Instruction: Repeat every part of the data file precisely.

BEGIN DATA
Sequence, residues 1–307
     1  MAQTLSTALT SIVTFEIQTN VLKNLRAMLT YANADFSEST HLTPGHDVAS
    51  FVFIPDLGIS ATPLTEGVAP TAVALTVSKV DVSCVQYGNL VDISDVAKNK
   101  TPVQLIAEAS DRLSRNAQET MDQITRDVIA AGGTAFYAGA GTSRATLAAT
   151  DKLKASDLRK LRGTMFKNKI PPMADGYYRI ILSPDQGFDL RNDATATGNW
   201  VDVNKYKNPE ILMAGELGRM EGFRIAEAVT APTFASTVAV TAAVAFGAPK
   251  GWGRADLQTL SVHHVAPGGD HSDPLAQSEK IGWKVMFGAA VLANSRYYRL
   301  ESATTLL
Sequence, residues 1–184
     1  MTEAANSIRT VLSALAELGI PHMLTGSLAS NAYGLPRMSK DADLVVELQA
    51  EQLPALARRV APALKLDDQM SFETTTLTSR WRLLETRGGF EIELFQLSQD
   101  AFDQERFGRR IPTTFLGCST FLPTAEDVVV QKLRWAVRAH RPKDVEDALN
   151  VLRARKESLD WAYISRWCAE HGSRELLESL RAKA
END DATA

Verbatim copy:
Sequence, residues 1–307
     1  MAQTLSTALT SIVTFEIQTN VLKNLRAMLT YANADFSEST HLTPGHDVAS
    51  FVFIPDLGIS ATPLTEGVAP TAVALTVSKV DVSCVQYGNL VDISDVAKNK
   101  TPVQLIAEAS DRLSRNAQET MDQITRDVIA AGGTAFYAGA GTSRATLAAT
   151  DKLKASDLRK LRGTMFKNKI PPMADGYYRI ILSPDQGFDL RNDATATGNW
   201  VDVNKYKNPE ILMAGELGRM EGFRIAEAVT APTFASTVAV TAAVAFGAPK
   251  GWGRADLQTL SVHHVAPGGD HSDPLAQSEK IGWKVMFGAA VLANSRYYRL
   301  ESATTLL
Sequence, residues 1–184
     1  MTEAANSIRT VLSALAELGI PHMLTGSLAS NAYGLPRMSK DADLVVELQA
    51  EQLPALARRV APALKLDDQM SFETTTLTSR WRLLETRGGF EIELFQLSQD
   101  AFDQERFGRR IPTTFLGCST FLPTAEDVVV QKLRWAVRAH RPKDVEDALN
   151  VLRARKESLD WAYISRWCAE HGSRELLESL RAKA